Do You Need Fats To Make Edibles? Nope. Not At All - RxLeaf
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Do You Need Fats To Make Edibles? Nope. Not At All

Randy Robinson
THC gummies

From distillates to hydrocolloids, the possibilities for making medibles are seemingly infinite. And you don’t always need fats.

It’s become something of a mantra among cannabis advocates: You need fats or oil to make cannabis edibles. It’s not entirely true.

Why do we say we need fats to make edibles? It breaks down to a chemistry saying: like dissolves like. This means we can only dissolve something – anything – if it’s dissolved in a solvent with like properties. Those properties are lipophilic and hydrophilic.

Hydrophilic means something will dissolve in water (Greek hydro-, water and -philos, “love”). The salt and sugar you’ll find on any dinner table are examples of hydrophilic compounds.

shea butter on wood plank

Image Credit: Olga Larionova

Lipophilic means something will dissolve in oils or fats (Greek lipos-, animal fat). If you’ve ever mixed melted butter or a cooking oil with water, you’ll see the oils clump together and float to the top. That’s because lipophilic compounds like vegetable oil can’t dissolve in water.

Oil Dissolves Oil

Most of the cannabinoids found in cannabis are lipophilic. We can’t boil cannabis flowers in water and brew a tea with psychoactive effects. That’s partially because THC does not activate at 100°C (it activates at 116°C or 240°F). But it’s mainly because THC doesn’t dissolve in water.

olive oil

Image Credit: Dusan Zidar

The “like dissolves like” concept applies to cooking in general. One of the reasons we cook meats in butter is to extract the animal fat for maximum flavor (my apologies to vegans and vegetarians). To extract THC at home, you need oils or fats.

How to Make Edibles Without Fat

Dissolving THC in an oil is just one way to get THC into your food. But oil isn’t what activates THC. Heat is what activates it.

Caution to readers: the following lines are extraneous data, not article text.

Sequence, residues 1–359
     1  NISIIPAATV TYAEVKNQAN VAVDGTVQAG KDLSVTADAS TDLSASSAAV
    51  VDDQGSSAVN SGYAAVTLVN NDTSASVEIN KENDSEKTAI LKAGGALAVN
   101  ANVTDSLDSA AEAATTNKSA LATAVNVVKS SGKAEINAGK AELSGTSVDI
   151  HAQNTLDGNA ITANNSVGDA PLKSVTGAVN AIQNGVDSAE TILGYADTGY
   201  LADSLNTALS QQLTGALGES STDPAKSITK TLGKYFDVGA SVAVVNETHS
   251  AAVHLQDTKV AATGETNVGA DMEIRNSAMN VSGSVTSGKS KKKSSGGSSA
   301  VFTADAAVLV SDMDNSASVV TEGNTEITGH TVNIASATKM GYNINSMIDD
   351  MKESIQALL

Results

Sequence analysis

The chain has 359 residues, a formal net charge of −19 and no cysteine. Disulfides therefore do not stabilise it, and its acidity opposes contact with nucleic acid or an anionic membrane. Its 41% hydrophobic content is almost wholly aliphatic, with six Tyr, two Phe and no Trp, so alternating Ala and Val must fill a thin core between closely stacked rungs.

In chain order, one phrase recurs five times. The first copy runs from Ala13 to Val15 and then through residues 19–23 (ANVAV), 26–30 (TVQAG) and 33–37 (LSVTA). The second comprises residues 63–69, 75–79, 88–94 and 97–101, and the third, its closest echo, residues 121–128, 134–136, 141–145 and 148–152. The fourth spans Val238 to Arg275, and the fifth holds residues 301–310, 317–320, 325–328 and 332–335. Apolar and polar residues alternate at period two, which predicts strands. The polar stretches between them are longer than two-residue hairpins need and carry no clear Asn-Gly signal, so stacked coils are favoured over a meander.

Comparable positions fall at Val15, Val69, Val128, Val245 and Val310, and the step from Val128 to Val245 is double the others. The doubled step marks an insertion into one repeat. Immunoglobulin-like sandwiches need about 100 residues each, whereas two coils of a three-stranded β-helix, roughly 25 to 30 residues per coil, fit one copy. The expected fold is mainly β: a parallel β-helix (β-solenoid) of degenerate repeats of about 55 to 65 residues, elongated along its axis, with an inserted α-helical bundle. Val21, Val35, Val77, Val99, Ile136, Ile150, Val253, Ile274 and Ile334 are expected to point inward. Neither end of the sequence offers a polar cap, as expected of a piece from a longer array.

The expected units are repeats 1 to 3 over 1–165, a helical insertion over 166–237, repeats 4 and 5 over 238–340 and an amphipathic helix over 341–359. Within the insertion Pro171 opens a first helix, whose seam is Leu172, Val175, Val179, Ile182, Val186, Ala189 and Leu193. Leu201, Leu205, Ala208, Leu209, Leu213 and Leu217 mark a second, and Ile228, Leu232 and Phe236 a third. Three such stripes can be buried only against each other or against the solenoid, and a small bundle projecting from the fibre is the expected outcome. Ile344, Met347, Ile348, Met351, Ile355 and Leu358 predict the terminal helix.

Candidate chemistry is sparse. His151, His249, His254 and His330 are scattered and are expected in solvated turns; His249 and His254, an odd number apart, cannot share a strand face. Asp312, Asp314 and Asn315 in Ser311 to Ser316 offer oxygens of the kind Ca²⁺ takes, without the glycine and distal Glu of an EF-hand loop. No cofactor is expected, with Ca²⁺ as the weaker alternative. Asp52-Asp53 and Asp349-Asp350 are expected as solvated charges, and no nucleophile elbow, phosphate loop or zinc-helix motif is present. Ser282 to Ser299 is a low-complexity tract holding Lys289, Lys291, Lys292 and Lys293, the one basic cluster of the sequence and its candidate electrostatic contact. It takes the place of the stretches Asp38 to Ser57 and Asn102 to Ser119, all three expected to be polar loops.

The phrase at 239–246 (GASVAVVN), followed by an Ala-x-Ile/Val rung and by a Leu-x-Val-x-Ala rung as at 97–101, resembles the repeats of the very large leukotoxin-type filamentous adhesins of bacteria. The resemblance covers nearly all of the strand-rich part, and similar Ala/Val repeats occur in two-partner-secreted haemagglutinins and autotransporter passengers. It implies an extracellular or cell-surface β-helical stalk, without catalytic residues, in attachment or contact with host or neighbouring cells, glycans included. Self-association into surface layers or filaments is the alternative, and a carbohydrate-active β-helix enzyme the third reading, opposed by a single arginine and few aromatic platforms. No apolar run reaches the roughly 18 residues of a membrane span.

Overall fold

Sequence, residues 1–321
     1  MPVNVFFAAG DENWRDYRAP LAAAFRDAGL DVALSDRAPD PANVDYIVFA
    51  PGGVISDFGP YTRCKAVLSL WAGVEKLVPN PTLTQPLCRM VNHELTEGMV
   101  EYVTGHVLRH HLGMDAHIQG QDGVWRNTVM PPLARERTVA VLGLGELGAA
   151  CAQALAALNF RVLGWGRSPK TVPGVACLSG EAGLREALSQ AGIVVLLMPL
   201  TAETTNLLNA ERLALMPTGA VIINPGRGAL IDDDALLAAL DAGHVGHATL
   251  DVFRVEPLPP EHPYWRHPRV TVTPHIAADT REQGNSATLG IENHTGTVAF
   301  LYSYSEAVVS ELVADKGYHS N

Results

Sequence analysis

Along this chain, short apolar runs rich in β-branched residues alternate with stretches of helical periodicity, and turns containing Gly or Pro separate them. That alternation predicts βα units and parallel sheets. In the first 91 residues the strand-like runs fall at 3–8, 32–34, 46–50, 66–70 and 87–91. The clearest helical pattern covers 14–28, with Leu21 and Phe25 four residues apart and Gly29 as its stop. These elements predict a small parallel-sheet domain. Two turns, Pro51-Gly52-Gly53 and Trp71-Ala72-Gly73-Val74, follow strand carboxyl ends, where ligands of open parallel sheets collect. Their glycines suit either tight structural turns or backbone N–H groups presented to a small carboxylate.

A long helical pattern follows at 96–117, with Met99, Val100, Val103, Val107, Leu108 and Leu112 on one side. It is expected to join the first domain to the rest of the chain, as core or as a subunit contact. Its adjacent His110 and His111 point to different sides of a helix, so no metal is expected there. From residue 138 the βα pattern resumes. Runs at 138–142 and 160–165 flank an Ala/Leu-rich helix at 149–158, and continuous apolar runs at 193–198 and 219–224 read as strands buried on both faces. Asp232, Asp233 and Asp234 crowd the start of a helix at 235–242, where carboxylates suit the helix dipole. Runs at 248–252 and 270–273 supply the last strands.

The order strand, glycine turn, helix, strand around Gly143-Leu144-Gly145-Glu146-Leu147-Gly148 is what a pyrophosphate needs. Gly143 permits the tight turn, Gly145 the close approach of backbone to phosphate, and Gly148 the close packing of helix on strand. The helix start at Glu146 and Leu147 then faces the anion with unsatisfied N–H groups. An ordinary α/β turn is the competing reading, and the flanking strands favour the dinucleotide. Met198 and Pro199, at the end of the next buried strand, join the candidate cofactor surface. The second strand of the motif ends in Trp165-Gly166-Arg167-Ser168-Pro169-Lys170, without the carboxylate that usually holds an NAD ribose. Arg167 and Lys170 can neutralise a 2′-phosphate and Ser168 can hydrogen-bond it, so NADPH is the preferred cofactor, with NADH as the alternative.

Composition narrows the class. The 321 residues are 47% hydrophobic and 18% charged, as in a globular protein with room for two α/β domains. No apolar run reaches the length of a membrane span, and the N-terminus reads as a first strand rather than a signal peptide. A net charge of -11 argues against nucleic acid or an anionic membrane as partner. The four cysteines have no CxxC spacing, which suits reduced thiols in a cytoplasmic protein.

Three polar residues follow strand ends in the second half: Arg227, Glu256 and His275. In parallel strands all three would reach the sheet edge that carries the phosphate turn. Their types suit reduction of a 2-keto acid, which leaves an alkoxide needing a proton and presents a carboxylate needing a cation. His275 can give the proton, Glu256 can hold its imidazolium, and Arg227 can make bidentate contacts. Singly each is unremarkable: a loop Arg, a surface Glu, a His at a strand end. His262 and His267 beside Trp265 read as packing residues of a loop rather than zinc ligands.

It’s possible to extract THC from cannabis without ever activating it. If you let cannabis flower sit in an oil at room temperature, the oil will eventually absorb the cannabinoids and terpenes. This process could take days if not weeks, but the oil – at room temperature – won’t get anyone high. For medical patients, this is a great way to make infused dipping, drizzling, or salad oils that can be eaten in high amounts without the risk of psychoactive effects. But only if the oil is never heated or fried.

woman making salad

Image Credit: Africa Studio

Just as you can make inactive THC extractions, you can also make psychoactive edibles without ever extracting the THC with oil. To do this, simply heat up kief, hash, or powdered flower in a baking sheet at 116°C or 240°F for about an hour. If your plant material is moist, go a little longer than an hour, but don’t raise the temperature. If it gets too hot, it’ll burn the good stuff long before you’d ever get to eat it.

Next, take your – ahem – baked goods, and transfer them into whatever you’re cooking. And I mean whatever. If you got a cake, dump that heat-activated kief/hash/flower into the batter. Feel free to include bits of Blue Dream flower in your blueberry muffins. You can go crazy and pour it into a soup made with – yes! – water. Heck, you can brew yourself a cup of that weed tea I told you wasn’t possible five paragraphs ago, but you’ll need to swallow the cannabis flakes.

cannabis cake

Image Credit: Infinity Time

Other Non-Fat Methods

Fancy Extractions

Distillate or other cannabis concentrates are the most common ways to infuse mass-produced foods with THC. Prepackaged medical and recreational edibles are usually made with concentrates.

How does that work? Without getting too technical, both carbon dioxide extractions and hydrocarbon extractions (butane, propane) decarboxylate THC without needing heat. In fact, carbon dioxide extractions use incredibly cold temperatures well below water’s freezing point. Most concentrates are made with one of the two methods, so they’re ready for being made into edibles right out of the box.